Personal Histories – Holly Boswell (OC 72)


“Everybody was bending gender a little bit…”

Thom Boswell in 1972.

Thom Boswell in 1972.

Raised in a middle class, suburban family outside of Washington D.C., Holly Boswell was assigned a male gender at birth and named Thom Boswell. At Oberlin, as a double major in English literature and music composition, Boswell also lived with a male name and persona. She told nobody her “big secret”—that she was what we now call transgendered—until she was in her thirties, when she “came out” as a visionary trans activist and author. Boswell founded the Asheville Trans Support Group, which now serves five states, and “Kindred Spirits,” an alternative spiritual community for transgendered people.

Oral history conducted by phone, Aug. 12, 2004, by Joey Plaster. An ellipsis (…) indicates that material has been omitted.

At Oberlin, I was blind. There was nothing. I don’t even think I had seen a Donahue show until later on at Oberlin. I realized, “Oh my god, Donahue is having transsexuals on his show”…That was kind of the first I got wind of it. I mean, I’d heard of Christine Jorgenson, but I didn’t know anything other than she supposedly had some sort of sex change, which I didn’t necessarily want to do, but I loved the idea that she could express a different gender…

I was aware of at least one person like that, and then gradually—you know how we are when we’re closeted and we’re hungry for any little bit of information we can find about what might explain our situation and how to deal with it. So it’s hard to remember that far back as to all the little morsels that I must have picked up. I was quite lost and just acting purely on instinct. At Oberlin, I knew of no other trans people. Roger Goodman…wore capes and things, and I thought, “Well that’s kind of neat, that’s a little gender-bending in a way”…

But see the hippie thing was going on, so everybody was bending gender a little bit. And that was nice. I was comfortable with that…[There were] gentle men, men who were compassionate and open-minded, and not the typical guy, and I felt wonderful about that too, even though it still didn’t quite do it for me, cause I was of course floundering around in the middle somewhere…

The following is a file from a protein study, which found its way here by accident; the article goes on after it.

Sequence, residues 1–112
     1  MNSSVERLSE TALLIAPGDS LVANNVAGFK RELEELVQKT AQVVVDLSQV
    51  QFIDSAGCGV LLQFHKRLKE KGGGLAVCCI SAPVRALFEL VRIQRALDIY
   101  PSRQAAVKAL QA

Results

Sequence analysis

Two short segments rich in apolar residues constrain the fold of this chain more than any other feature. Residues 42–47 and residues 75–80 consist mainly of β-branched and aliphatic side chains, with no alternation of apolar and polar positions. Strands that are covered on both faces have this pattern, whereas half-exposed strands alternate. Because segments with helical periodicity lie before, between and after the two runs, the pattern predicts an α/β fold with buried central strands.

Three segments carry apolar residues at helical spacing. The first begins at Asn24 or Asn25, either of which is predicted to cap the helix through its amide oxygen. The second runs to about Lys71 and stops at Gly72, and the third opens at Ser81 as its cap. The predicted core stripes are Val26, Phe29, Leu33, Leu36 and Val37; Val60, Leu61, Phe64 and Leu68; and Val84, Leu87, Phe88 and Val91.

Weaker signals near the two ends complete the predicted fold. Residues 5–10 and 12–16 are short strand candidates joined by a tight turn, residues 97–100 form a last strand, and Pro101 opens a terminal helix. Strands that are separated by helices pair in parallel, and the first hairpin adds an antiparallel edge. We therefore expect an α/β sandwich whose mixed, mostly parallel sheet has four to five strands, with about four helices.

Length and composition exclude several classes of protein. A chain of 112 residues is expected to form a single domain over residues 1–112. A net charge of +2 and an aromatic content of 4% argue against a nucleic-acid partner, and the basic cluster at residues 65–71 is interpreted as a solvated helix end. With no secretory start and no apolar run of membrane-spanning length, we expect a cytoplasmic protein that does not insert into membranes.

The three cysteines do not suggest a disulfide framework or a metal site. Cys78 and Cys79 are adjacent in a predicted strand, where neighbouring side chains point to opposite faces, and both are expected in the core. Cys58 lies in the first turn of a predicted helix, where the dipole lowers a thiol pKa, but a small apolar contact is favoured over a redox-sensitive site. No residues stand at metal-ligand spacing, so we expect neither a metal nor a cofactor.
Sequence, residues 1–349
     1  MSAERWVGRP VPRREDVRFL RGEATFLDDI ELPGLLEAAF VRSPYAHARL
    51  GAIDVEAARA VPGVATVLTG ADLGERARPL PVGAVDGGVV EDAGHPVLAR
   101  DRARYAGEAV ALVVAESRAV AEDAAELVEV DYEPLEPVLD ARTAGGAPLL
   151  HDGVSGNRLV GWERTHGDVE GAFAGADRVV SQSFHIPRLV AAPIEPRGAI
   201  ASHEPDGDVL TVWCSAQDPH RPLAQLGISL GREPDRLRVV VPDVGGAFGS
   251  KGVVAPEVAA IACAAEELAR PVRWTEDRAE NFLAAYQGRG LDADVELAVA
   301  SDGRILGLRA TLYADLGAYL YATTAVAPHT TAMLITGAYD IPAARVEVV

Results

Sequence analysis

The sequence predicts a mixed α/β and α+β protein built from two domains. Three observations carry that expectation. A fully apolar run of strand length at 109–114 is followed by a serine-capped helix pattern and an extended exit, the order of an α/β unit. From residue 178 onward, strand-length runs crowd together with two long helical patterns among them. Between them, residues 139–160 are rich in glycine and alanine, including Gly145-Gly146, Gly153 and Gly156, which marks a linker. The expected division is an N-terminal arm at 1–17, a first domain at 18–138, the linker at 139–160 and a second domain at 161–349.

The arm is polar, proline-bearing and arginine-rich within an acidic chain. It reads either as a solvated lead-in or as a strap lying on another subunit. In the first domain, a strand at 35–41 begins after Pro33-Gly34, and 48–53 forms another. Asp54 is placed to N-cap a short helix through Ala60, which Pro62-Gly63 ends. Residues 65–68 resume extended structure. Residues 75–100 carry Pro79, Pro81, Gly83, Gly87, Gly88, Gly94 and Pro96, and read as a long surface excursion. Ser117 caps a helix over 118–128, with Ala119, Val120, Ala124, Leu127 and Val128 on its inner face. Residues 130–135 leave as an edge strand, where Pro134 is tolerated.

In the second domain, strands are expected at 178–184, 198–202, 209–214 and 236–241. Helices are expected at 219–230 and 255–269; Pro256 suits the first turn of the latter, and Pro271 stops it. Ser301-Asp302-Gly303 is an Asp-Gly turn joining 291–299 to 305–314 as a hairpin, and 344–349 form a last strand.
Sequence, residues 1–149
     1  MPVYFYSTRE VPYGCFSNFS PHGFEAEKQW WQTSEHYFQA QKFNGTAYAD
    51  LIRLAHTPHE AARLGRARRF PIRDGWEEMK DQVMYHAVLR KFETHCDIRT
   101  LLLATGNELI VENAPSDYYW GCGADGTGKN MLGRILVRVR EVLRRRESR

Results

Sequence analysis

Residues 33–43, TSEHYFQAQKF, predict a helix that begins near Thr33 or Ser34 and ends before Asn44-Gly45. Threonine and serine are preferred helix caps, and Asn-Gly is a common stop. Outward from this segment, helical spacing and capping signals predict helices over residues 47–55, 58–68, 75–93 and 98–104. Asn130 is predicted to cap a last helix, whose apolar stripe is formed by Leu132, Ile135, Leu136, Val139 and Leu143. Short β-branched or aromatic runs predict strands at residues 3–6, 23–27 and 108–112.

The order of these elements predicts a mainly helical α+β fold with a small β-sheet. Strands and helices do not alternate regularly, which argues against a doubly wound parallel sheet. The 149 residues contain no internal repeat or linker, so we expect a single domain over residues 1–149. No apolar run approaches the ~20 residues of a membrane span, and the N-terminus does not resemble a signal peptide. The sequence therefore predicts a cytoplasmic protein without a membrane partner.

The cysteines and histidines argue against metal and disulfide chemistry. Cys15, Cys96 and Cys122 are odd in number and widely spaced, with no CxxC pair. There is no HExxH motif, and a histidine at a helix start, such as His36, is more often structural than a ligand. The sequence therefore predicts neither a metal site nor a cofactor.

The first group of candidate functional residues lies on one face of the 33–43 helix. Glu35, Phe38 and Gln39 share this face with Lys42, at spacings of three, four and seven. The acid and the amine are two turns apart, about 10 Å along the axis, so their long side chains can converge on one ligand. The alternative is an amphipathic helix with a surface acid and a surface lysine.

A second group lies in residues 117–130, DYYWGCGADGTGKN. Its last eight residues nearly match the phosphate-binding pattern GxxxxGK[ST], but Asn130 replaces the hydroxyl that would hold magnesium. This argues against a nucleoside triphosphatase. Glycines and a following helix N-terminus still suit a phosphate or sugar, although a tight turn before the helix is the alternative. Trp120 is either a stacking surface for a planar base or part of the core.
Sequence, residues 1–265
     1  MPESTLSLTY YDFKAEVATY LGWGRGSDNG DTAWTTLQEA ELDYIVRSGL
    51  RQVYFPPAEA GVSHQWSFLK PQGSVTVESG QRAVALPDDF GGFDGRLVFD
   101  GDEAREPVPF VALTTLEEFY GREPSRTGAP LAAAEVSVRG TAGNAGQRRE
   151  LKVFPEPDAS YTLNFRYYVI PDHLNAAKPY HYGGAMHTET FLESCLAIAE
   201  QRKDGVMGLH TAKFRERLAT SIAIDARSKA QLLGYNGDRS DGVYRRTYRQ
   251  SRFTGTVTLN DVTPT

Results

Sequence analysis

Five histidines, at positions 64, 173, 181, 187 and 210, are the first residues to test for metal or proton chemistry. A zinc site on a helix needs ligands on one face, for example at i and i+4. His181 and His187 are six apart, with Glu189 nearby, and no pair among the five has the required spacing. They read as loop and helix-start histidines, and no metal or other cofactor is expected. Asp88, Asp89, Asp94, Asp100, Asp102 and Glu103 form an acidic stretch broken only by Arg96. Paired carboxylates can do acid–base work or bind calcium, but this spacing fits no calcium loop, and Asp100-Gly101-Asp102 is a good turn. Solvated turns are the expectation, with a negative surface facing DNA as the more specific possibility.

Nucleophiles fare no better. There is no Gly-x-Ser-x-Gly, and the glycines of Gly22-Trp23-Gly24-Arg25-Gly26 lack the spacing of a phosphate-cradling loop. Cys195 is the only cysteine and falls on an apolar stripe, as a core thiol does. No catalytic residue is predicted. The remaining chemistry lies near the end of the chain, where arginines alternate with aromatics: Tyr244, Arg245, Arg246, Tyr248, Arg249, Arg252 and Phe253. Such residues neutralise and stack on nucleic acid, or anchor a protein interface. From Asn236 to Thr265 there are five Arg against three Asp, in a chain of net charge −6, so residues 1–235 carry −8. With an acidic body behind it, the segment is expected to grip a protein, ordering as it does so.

I started growing my hair long and that sort of thing… Freshman year I went to the barber at Oberlin, thinking I needed a little trim, cause I was still a guy of course, you know, and they probably hadn’t seen a college kid in there in months [laughter]. I mean, business was bad for barbers back then. Well they took their revenge out on me and they practically scalped me. And that was the last time, to this day, that I’ve ever gone to any kind of hair person…

It would have been hard to find a straight [meaning non-hippie] person on campus back then. They were the minority. I’d say three quarters of the campus were all hippies, at least in terms of adopting the culture…the dress, the language, the drug culture…The whole climate at the time was all about rebellion, and turning things around, and creating a new world. The whole ecology movement started in ‘71, the first Earth Day, which I remember vividly on campus, and that remains a huge issue for me to this day. In fact, I’ve even linked certain unhealthy notions that our culture has about gender with the same that tied directly to its unhealthy notion against nature.

I had no language [at Oberlin]. I had no culture, really, that I was aware of. No ancestry. No community. It was pretty lonely. And even though I was going through the motions of a straight person, having love interests which seemed heterosexual in that context, deep down I knew, “Oh my God, well what about these other feelings?…How do I reconcile those [gender] feelings with these other desires, and what the culture is telling me is the pattern here?” It was very perplexing, and in a way it’s amazing that I didn’t turn to various forms of self-destruction, because there was no support whatsoever… There was no language for it, there was virtually no cultural context in which to view it, it would have appeared to be totally freakish, it would probably have been seen as the freakish part of being gay, or twisted or something, to bend one’s gender that radically. So yeah, it wasn’t time yet…

1999 photo of Holly Boswell (OC 72) from “The Gender Frontier.” Courtesy of Mariette Pathy Allen.

1999 photo of Holly Boswell (OC 72) from “The Gender Frontier.” Courtesy of Mariette Pathy Allen.

There was really almost no gay community at Oberlin at that time. Very few people were kind of visible and you probably figured, yeah they’re probably gay, and you’d occasionally hear about a faculty member who was that way, or something, and that was about it…

I was the only person I knew like myself living in a world that didn’t understand me. So I felt really isolated in that regard, and I think it really compromised my ability to be an effective, potent person back then. I felt like I was holding back. I felt like I couldn’t be free to fully express everything. I had to watch my p’s and q’s or I might tip my hand and somebody’d figure out I was gender queer. So it was hard, but there was so much else that was going on that I found fascinating, that it was well worthwhile…

My time at Oberlin really opened my eyes to a viable alternative community. You know, I saw Oberlin as questioning a lot of things and looking alternatives, not being satisfied with status quo, and as an academic community, it was really committed to that in a very deep way that I resonated with… I walked away feeling affirmed in my ability to stake out different ground from the established order of things.